A common question we face is: What type of boat should I buy to go cruising?
I used to think that the correct answer was a heavy displacement, full keel, cutter rig, with an attached rudder and protected propeller was the answer. After meeting many cruisers who have passed through while we prepare our boat for cruising, I have noticed a bit of a trend that has changed my views.
It doesn't seem that keel, displacement, or size really matter. We have met cruisers on light displacement multihull, steel boats with hard chines, old boats, and new. The people who sail them are as varied as the boats that pass through. Each cruiser has also done a monumental amount of work to the boat in the attempt of getting it perfect for cruising.
Cruisers will work their entire journey, replacing or relocating components, sometimes even adding entirely new systems to their boats. When a cruiser retires or moves onto another boat, they often put it up for sale.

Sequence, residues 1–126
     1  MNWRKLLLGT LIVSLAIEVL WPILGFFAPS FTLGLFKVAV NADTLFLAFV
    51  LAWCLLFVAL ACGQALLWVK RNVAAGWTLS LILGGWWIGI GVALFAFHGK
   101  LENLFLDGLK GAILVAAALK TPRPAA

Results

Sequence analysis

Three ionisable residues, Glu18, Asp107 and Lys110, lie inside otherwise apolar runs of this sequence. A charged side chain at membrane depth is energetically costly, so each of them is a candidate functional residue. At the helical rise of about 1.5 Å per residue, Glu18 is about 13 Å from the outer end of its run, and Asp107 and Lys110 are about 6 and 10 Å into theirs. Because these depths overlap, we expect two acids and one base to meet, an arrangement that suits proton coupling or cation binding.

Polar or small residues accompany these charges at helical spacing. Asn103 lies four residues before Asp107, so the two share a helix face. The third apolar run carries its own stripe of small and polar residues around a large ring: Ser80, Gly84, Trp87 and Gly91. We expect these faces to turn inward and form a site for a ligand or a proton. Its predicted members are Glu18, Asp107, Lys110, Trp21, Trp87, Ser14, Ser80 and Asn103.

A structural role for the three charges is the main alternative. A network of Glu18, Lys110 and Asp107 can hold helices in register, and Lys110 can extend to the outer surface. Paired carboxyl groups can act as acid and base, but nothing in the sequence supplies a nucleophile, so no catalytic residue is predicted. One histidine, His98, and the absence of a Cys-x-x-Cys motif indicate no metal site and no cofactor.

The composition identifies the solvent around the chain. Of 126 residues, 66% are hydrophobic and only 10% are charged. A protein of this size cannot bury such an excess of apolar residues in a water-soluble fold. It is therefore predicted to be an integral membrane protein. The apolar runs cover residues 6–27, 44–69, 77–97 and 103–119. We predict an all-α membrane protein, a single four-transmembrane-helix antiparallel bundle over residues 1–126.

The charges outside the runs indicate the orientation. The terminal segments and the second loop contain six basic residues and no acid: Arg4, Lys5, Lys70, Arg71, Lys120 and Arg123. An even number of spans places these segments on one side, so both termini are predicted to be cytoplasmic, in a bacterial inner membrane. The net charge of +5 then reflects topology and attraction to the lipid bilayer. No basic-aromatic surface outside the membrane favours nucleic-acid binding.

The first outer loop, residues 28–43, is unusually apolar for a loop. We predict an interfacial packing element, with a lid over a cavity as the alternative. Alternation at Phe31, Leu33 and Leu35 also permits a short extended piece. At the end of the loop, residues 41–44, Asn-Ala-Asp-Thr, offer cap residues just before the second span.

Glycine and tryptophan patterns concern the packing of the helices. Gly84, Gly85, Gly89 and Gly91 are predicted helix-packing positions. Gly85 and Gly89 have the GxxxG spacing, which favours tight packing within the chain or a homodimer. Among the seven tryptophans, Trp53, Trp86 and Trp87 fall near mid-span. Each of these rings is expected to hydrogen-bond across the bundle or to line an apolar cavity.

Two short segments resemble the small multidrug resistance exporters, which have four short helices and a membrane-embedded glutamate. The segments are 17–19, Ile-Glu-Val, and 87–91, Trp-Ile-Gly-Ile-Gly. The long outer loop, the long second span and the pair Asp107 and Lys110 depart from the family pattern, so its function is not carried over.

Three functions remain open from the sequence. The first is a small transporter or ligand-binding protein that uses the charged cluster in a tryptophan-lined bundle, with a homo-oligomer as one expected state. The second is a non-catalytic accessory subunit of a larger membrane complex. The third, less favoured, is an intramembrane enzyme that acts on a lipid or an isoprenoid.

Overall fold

I have come to the conclusion that this is the ideal boat to buy to go cruising. Think about it for a moment, someone just spend a decade getting everything perfect for you so that all you need to do is hop in and go!
Yes, these boats tend to sell for more than the regular marina floats, but they are also completed. You could in a sense, hop in and go! The previous owner could have easily kept cruising on this very boat setup like it is.
After all this time, I now see the truth about what is the perfect cruising boat. And the answer is the boat that just got back from cruising.